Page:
Too much screen time has been linked to obesity and depression among people 18 and younger. But what about people 18 and older?
More research needs to be conducted on the health effects of electronic device usage on adults. But we know this for certain. Adults spend a lot of time staring at a screen — even more so during the pandemic. Time spent on smartphones, TVs, computers and video game consoles increased as people spent more time indoors.
“We know that too much of anything that puts a strain on your eyes is not good for your health,“ says Vivian Tran, MD, an internal medicine physician at Scripps Clinic Mission Valley. “Excessive screen time can also result in headaches, neck, shoulder and back pain and make it hard to fall asleep.”
Studies show many adults indulge in as many as 11 hours of screen time a day. In many cases, they have jobs that require viewing screens for eight hours or longer a day. Fortunately, there are ways to limit screen time or its effects if it is interfering with your health and well-being.
Dr. Tran recommends a balanced approach where your average screen time isn’t taking away from other important activities, such as exercise.
The following are tips to help you curb your time on an electronic device and develop healthy habits when screen time cannot be avoided:
During the pandemic, many adults worked from home, traveled less, did not dine out as much and turned to their screens more often to stay connected. But now that things are opening again, it may be a good time to take stock of your screen time and set screen limits.
Smartphones now have screen time functions that allow you to check your daily and weekly usage and make adjustments, such as setting usage limits for social media apps. If you set a limit, you’ll get a screen notification saying your time is up.
You can take back control of your screen time by checking how much time you are spending in front of the screen for something other than work or school and replace any unnecessary usage with non-screen activities, such as going out for a walk or a hike.
Spending time staring at a camera for long periods can make us uncomfortable and tired. If you’re spending a lot of time on video calls or virtual meetings, you could develop meeting or Zoom fatigue.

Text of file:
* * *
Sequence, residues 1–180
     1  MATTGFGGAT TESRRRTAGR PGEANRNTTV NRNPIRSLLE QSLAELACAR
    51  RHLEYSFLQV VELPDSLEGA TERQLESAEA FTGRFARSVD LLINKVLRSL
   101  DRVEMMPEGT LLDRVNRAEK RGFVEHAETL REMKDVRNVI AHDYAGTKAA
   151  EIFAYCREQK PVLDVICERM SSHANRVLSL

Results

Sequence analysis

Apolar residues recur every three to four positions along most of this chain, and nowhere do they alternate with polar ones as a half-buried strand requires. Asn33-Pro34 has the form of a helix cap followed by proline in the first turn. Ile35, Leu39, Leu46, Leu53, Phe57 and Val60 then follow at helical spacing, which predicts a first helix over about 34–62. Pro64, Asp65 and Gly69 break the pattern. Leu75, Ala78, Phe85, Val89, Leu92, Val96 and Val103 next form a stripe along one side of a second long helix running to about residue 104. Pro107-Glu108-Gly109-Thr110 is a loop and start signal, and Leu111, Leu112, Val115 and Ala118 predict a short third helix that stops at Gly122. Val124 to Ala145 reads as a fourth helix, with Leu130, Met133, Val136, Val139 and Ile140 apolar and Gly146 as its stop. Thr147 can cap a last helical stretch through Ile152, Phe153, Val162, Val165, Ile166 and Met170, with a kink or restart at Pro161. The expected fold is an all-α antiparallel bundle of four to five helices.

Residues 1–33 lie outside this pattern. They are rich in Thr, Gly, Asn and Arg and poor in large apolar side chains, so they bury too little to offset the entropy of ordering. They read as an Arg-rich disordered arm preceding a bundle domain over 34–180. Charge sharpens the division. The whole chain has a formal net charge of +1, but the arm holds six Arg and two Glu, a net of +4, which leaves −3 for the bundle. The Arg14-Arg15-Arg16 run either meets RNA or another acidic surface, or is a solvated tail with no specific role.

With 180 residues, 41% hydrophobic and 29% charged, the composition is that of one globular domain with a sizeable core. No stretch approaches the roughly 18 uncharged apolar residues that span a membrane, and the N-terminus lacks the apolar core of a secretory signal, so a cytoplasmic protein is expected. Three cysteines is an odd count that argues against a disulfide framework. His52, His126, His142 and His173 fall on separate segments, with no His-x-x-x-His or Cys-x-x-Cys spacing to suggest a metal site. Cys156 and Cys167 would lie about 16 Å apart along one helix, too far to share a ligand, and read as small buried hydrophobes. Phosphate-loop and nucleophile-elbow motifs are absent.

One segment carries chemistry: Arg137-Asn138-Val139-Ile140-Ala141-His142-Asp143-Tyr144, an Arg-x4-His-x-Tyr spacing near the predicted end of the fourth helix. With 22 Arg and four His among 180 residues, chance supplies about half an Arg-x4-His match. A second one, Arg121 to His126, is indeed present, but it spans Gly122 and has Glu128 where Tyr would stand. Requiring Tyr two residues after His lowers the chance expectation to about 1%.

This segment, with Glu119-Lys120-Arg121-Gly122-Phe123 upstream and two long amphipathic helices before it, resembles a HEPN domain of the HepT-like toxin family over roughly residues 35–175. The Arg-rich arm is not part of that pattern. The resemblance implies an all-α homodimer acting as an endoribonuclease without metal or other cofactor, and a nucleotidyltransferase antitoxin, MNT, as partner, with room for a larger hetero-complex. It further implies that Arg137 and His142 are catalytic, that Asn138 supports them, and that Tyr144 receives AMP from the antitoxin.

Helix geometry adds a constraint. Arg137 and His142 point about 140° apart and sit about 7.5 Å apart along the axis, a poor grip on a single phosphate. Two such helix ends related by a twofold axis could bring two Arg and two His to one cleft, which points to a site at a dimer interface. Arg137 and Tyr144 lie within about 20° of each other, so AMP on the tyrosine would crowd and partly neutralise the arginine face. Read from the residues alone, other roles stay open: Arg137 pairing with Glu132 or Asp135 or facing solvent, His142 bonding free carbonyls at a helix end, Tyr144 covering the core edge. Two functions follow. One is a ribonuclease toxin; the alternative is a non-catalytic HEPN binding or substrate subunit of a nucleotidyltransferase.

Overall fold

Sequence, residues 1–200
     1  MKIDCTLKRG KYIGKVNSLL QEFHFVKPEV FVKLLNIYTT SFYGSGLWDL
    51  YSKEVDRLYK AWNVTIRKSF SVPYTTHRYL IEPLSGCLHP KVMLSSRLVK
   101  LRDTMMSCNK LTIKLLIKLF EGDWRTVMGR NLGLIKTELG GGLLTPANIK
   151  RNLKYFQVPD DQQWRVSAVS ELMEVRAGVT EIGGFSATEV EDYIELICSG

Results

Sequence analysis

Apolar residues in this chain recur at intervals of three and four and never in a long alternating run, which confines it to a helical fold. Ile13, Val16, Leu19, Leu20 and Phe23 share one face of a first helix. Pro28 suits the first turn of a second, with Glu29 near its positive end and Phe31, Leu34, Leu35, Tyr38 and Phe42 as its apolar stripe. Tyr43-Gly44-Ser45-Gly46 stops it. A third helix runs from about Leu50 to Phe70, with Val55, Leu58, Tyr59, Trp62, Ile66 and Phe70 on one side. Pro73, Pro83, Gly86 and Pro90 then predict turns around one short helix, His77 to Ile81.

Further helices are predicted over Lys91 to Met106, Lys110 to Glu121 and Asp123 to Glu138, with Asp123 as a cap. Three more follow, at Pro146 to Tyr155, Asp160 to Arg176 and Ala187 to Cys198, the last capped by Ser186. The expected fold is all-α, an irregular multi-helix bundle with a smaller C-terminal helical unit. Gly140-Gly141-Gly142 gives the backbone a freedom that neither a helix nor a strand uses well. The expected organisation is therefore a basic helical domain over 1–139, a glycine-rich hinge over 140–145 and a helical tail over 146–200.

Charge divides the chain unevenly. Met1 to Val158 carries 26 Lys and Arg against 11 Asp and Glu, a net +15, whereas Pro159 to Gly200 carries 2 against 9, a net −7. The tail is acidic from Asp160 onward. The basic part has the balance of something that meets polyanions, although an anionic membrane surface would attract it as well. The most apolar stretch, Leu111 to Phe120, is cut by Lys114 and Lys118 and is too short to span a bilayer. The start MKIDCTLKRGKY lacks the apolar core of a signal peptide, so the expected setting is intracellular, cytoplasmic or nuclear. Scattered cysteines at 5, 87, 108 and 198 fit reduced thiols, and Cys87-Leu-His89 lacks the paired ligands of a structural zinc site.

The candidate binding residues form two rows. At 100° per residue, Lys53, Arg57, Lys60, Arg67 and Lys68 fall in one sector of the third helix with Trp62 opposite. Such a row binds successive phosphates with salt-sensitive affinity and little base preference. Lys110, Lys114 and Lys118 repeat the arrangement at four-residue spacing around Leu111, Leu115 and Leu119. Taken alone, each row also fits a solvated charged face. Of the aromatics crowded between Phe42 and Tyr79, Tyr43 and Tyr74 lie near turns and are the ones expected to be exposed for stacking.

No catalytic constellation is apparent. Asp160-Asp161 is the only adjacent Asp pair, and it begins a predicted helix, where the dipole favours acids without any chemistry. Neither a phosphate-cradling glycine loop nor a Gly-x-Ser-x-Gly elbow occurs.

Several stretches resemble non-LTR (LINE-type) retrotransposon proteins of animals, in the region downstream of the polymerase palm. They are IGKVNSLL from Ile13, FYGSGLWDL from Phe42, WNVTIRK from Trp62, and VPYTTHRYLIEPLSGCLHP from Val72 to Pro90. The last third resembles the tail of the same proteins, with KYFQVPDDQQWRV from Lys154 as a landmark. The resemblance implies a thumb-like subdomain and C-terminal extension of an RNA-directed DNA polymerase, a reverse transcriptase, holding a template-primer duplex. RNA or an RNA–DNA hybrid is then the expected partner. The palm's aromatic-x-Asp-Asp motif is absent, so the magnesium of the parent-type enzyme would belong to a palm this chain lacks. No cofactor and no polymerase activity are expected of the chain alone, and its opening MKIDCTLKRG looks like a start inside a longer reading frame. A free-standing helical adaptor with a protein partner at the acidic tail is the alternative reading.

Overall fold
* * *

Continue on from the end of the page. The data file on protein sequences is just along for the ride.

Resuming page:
Try to limit the amount of time you spend on video calls to those that are necessary or schedule time in between video calls so you can get up and move around.
If you find it difficult to disengage from your screen, let technology help to make you screen free for a while during various times of the day.
Use your phone or calendar system to set alarms reminding you to take breaks. Turn off notifications from messages or social media platforms to reduce distractions. That way you can leave your phone alone until you are ready and finished with other activities.
You can also use high-tech solutions to combat inactivity and weight gain. Activity monitors worn on the body, such as Fitbits, tend to increase your physical activity level simply because you’re paying attention to it.
If you work in front of a screen, make sure you take a break and look away at least every 30 minutes.
Stand up, stretch and move around. When you’re in your chair, back and neck stretches can help keep muscles loose.
Learn a few “chair yoga” moves and practice them for five minutes at frequent intervals throughout the day.
If you have a way to transform your workspace into a standing desk for at least part of the day, consider doing it.
Standing desks are adjustable desks that allow you to stand up while working. They are becoming more popular and promote good health.
Standing, for example, lowers your risk of weight gain and obesity. “Remember, the fewer hours you spend sitting, the better,” Dr. Tran says.
If you’re on the phone a lot at work, get a headset and walk around when you talk on the phone.
A natural, upright posture (with slight curves in the lower back and shoulders) helps to support your head and reduces fatigue and aches.
Paying attention to your posture throughout the day, whether sitting or standing, can help to reduce some of the strains of screen time.
If you’re working from home, you can design a home workspace that promotes good posture and movement to prevent neck and back pain.
We tend to eat more when we’re watching TV or playing games. To combat that trend, designate separate mealtimes and stick to them. Banish snacks from the entertainment area.
Avoid using any kind of backlit screen in the hour right before bedtime, because these emit light that can interrupt your quality of sleep. If possible, keep devices — including TVs — out of the bedroom completely.